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Tips for a Successful Job Search

By Amy Dinning –
a training and development professional, along with participants in her
“Jump Start Your Job Search” events.

As regular readers of “Your Career Advocate” know, I sometimes feature the writing of others in this space. I thought this piece by Amy Dinning would be an ideal selection, because many clients have recently been asking, “What, exactly, should I be doing to maximize my job search efforts?” Amy has offered so many excellent strategies, that we needed to divide her article into two parts. Below, please see Part Two of “Tips for a Successful Job Search.”
– Ford R. Myers

  • Create and utilize a career transition binder
  • Have a “Personal Board of Directors”
  • Create a networking newsletter to e-mail quarterly, if not more often
  • Attend different networking meetings and events, and continually add new ones to your schedule
  • Treat every event you go to or participate in as networking
  • Create a Linked-In profile – ask people to submit recommendations for your work; answer questions; update your status
  • Compile and continually update a Target Company List
  • Give-out business cards to everyone with whom you network – is a good source
  • Set networking goals each week, and track your progress on a worksheet
  • Sign-up to receive the daily digest of national and local business publications
  • Take time off to refresh and do things you enjoy
  • Celebrate your successes
  • Write and use a Professional Biography when networking instead of a Resume
  • Compile, use and continually update a comprehensive Contacts Database
  • Create and use a Networking Agenda for your one-on-one meetings
  • Consider up-skilling or re-skilling yourself through further education and training
  • Write Accomplishment Stories that you can use during an interview – the work-related events about which you feel most proud
  • Make networking telephone calls – constantly
  • Ask people to meet for coffee, breakfast or lunch to network
  • Join and get very active in professional organizations
  • Volunteer your time with organizations dependent on volunteers
  • Write and publish articles
  • Offer to speak to a group, and do presentations
  • Develop a list of Professional References to give after an interview, and prepare the people on the list so they know they might be contacted
  • Spend at least 85% of your job-search time networking
  • Pass it on – create a distribution list of people you know who are in transition and send them helpful information
  • Join a job search support group for information, contacts and support
  • Shadow someone in the field in which you are interested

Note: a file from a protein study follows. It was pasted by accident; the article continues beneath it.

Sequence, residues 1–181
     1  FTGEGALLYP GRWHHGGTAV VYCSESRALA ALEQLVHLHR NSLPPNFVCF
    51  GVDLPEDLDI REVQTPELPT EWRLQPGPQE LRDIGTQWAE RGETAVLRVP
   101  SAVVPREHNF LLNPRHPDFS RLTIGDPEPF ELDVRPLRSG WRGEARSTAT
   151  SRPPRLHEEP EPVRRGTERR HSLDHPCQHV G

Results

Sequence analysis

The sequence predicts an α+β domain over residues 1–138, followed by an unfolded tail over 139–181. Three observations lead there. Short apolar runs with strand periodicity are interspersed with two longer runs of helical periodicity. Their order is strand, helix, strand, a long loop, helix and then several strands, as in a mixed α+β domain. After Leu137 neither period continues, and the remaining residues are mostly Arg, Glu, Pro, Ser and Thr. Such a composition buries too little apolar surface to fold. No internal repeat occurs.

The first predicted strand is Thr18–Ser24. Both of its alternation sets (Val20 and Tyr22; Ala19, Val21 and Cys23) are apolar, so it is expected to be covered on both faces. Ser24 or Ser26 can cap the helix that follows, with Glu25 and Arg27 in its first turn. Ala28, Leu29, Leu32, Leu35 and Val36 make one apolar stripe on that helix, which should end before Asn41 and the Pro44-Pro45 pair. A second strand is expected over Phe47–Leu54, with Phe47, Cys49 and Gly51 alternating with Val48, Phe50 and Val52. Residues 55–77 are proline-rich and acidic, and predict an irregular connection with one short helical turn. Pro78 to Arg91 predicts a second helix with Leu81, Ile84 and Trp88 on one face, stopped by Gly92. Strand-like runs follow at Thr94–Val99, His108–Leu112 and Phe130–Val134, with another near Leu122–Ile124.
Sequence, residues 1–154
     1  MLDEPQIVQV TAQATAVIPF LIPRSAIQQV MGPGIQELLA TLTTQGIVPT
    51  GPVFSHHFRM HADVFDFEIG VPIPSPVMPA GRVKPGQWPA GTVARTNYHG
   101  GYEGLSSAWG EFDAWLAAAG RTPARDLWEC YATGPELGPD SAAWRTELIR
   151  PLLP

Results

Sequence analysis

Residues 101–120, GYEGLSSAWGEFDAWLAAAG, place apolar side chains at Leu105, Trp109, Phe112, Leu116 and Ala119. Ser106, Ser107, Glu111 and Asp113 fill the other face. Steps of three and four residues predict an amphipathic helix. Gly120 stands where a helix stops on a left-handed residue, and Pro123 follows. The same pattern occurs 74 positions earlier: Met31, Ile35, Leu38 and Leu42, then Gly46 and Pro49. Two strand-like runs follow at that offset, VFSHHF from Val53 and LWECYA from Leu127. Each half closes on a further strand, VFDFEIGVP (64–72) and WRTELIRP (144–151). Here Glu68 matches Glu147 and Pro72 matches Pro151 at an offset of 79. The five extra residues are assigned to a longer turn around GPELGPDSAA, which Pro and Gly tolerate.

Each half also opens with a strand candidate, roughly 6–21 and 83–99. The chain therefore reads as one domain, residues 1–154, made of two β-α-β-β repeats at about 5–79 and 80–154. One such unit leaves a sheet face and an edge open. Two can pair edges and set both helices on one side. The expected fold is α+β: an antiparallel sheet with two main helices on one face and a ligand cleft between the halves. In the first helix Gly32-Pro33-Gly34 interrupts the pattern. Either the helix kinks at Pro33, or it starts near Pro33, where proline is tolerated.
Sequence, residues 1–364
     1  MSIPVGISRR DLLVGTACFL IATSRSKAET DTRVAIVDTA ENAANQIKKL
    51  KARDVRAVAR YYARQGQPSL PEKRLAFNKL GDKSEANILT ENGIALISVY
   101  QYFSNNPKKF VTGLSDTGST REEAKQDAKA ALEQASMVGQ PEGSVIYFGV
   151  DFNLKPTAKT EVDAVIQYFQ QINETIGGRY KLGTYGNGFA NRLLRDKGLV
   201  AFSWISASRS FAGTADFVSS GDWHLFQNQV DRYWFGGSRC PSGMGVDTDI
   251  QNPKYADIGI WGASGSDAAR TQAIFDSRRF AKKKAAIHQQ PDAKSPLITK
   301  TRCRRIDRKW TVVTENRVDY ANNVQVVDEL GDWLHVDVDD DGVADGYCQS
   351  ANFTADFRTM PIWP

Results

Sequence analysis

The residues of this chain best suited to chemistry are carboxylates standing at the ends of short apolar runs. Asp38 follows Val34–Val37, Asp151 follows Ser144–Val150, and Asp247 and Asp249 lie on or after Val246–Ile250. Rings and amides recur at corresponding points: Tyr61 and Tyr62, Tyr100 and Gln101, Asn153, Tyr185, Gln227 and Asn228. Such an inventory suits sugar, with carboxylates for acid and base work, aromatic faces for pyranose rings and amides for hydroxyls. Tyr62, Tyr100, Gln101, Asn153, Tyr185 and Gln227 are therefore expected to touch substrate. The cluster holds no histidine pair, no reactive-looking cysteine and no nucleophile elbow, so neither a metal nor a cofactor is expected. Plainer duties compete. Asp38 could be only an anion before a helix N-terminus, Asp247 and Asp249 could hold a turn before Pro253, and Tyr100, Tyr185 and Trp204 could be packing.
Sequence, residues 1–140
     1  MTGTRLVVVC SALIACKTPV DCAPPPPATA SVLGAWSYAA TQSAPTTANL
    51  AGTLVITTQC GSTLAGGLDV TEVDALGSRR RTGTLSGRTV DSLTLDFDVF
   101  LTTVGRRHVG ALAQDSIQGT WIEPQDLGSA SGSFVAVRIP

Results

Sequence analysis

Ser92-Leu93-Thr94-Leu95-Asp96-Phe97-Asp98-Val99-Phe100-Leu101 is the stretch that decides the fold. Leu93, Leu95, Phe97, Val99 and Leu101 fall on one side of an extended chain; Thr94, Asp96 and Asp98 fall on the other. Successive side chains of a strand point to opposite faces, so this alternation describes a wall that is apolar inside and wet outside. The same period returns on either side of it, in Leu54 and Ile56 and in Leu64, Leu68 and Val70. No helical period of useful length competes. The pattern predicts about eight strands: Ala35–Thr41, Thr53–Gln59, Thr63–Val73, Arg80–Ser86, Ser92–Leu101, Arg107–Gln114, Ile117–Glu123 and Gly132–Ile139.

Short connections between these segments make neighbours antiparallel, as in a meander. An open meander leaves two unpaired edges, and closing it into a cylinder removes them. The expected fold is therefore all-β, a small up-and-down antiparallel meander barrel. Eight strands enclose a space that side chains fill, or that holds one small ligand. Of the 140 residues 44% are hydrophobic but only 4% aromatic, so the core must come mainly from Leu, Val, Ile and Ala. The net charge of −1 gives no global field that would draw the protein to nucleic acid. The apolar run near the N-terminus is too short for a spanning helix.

• Volunteer at companies in which you are interested
  • Work a full 40 hours per week (or more) to find the job you want, but give yourself time off as well
  • Contact vendors with whom you have worked, as a part of your network
  • Ask someone to hold you accountable for your job search goals
  • Build relationships with Human Resource professionals
  • Maintain a positive attitude – it shows!
  • Stand-up and smile when you are on a phone interview
  • Try not to take rejection personally
  • Don’t turn-down interviews – accept them for practice and possible other positions if you aren’t interested in that particular one
  • Do your research and practice before you go to an interview
  • Use the local library as a vital resource
  • Attend conferences in your field or another industry in which you are interested – ask if you can volunteer, and you might get free or discounted registration
  • Stay connected to others – it’s very important not to isolate yourself
  • Looking for a job can be a fairly long process – so keep adding new contacts, staying in touch with old contacts, applying for positions, moving the process forward – and you will get results!

Be sure to read Part Two of “Tips for a Successful Job Search”!

About the Author:
Ford R. Myers is an award-winning career coach and President of Career Potential, LLC. He is author of the best-seller, Get The Job You Want, Even When No One’s Hiring. Ford’s firm helps clients take charge of their careers, create the work they love, and earn what they deserve! He has held senior consulting positions at three of the nation’s largest career service firms. Ford’s articles have appeared in thousands of publications and web sites, and he has been interviewed on every major television and radio network. Ford has also conducted presentations at hundreds of companies, associations and universities. Learn more at

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